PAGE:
The world mourns
Millions bow heads and Chrétien says, 'We cannot stop the tears of grief'; chilling details emerge about terror operation; Pakistan faces an awful choice
By JOHN IBBITSON, The Globe and Mail
With reports from Globe and Mail reporters in Canada and abroad,; and Associated Press
Saturday, September 15, 2001
WASHINGTON -- The world bowed its head yesterday -- in mourning, in remembrance, but not in forgiveness.
Across the globe, in thousands of churches, synagogues, mosques and temples, before embassies and parliaments, in Icelandic dockyards and the presidential palace of Bogota, grieving populations paid tribute to the honoured dead who perished at the hands of terrorists in Tuesday's airplane assaults against New York and Washington.
Bands accustomed to playing O Canada, God Save the Queen, La Marseillaise and countless other anthems offered The Star-Spangled Banner in tribute. Presidents and prime ministers read out carefully prepared elegies that seemed to transcend their manufactured eloquence by the universal conviction that this time, the grief was real.
In London, thousands filled St. Paul's Cathedral and spilled into the plaza outside, as George Carey, Archbishop of Canterbury, proclaimed that although the World Trade Center is gone, "another, older, American icon was not submerged. The September morning sun continued to shine on the Statue of Liberty, her torch raised like a beacon . . . a symbol of all that is best in America."
Not far away, at the statue of Franklin Roosevelt, someone attached to a teddy bear a message: "To that little girl whose doll was found amongst the debris. Wherever you are, God bless you."
U.S. President George W. Bush asked that yesterday be a day of mourning. In his televised address at Washington's National Cathedral, however, he remained a warrior president.
"This nation is peaceful, but fierce when stirred to anger," he told a congregation that included his father and three other former presidents: Bill Clinton, Jimmy Carter and Gerald Ford.
"This conflict was begun in the timing and terms of others. It will end in a way and at an hour of our choosing."
In most services, however, people came to share their sorrow, not their rage.
On Parliament Hill, more than 100,000 commemorated the bonds between the world's two closest allies, led by Governor-General Adrienne Clarkson and Prime Minister Jean Chrétien.
"We reel before the blunt and terrible reality of the evil we have just witnessed," the Prime Minister said. "We cannot stop the tears of grief."
But to Americans everywhere, from Canadians everywhere, he urged, "Do not despair. You are not alone. We are with you. The whole world is with you."
Across the country in Victoria, Lloyd Houston, a 53-year-old B.C. provincial employee, joined hundreds who lined up to sign a book of condolences.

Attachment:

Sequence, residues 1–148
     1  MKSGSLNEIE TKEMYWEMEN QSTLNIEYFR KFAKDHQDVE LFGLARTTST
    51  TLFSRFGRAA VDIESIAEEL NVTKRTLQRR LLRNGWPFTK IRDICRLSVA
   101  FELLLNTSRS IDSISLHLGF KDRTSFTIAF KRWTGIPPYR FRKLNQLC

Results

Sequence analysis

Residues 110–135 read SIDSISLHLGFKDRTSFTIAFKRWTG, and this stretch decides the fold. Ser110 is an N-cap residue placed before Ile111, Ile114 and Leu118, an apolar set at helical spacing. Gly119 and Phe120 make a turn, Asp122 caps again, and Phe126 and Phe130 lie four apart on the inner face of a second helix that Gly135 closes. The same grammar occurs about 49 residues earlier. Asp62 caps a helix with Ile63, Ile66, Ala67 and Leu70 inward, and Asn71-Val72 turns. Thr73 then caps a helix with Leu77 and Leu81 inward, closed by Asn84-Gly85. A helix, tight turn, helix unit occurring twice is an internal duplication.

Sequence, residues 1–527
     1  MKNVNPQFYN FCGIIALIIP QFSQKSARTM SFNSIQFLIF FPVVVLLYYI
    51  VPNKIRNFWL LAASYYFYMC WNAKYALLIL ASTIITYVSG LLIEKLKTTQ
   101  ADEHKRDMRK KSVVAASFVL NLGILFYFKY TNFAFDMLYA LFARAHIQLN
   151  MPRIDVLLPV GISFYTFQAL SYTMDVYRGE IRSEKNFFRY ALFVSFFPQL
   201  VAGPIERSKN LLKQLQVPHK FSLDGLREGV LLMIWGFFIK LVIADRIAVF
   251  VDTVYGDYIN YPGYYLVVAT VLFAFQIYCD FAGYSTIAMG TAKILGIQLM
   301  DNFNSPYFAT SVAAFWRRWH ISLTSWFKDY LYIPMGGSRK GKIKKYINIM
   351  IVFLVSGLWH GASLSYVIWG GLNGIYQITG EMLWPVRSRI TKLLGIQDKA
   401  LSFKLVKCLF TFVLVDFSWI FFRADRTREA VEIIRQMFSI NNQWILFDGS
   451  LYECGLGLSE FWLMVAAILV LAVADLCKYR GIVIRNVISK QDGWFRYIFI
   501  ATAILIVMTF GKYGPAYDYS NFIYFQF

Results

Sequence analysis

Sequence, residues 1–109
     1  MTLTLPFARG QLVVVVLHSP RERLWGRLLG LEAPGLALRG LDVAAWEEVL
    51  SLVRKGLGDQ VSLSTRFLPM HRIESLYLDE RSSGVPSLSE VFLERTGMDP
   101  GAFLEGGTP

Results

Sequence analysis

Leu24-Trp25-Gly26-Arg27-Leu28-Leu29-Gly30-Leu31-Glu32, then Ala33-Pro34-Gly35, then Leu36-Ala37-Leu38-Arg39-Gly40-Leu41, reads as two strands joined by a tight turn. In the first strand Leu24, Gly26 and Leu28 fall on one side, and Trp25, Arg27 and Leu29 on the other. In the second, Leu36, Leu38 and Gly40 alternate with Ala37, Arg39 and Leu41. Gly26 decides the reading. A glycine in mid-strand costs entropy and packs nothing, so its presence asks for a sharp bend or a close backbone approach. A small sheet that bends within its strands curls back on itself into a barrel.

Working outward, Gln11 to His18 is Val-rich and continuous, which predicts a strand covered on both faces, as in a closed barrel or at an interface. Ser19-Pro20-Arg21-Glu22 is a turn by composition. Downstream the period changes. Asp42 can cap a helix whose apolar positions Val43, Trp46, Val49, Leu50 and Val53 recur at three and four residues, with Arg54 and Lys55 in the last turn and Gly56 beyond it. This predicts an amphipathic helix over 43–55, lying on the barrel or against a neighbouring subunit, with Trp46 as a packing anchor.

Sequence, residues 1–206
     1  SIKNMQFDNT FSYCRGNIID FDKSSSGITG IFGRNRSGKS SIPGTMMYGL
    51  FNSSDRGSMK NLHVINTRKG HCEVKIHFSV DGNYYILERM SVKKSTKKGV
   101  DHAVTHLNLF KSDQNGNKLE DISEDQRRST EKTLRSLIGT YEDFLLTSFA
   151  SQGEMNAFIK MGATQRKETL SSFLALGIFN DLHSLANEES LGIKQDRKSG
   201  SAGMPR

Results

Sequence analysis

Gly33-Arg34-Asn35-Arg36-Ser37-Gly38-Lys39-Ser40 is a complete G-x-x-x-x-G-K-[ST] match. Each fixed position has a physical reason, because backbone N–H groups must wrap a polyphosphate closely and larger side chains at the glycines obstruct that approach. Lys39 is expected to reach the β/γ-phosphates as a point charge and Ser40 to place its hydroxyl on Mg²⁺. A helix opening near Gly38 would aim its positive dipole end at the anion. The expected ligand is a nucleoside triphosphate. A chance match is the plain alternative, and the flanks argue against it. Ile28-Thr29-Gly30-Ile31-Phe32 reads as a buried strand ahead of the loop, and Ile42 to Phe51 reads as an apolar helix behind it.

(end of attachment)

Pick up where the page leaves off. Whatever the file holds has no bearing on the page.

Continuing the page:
"I see us as being all North Americans," he said. "The Americans are our neighbours, our brothers, our sisters. We share their triumphs and their griefs."
As part of the day of mourning, people everywhere observed minutes of silence. In Iran, 60,000 stood silently in Tehran Soccer Stadium, honouring a country their leaders have called The Great Satan. In Finland, drivers pulled over their cabs. Stock exchanges across Europe halted trading in memorium.
Icelandic fisherman in Reykjavik stood silently on the docks. More than 200,000 Berliners stood silently before the Brandenburg Gate.
In Paris, French President Jacques Chirac stood to attention in front of a military honour guard at the Élysée Palace, and the Republican Guard played The Star-Spangled Banner. Pope John Paul prayed. Queen Elizabeth cut short her stay in Balmoral to attend the service at St. Paul's.
In Poland, more than 2,000 people carrying candles marched in the rain to the U.S. embassy in Warsaw. Colombian President Andres Pastrana attended a mass at the presidential palace in Bogota.
In the heartland of grief, Americans filled their churches and public squares to remember the fallen and to vow revenge.
Mourners at St. Paul's Church in Concord, N.H., called out the names of loved ones missing or hurt in the destruction. Outside, a crowd softly sang Amazing Grace.
But although Christ called for forgiveness, for Al Thompson it was an eye for an eye.
"I'm supposed to be a Christian, but my prayers are for revenge," Mr. Thompson said outside a mass at St. Louis Cathedral in New Orleans.
"What's the saying? God may forgive them, but I never will."
But most would rather remember the pinned-up sympathy cards designed by students in a Halifax Grade 7 class that touched Americans waiting in airport lineups for flights to take them home.
Most shared the sentiment of Sayeed Siddiqui, president of the Islamic Society of Greater Houston, who began his comments at a memorial service with "My fellow Americans."
Many shared the feelings of Brian Masters, a 35-year-old decorator from south London, who attended the service at St. Paul's. "I woke up this morning and felt I had to do something. Perhaps it's about sorting out what's important in life and what isn't."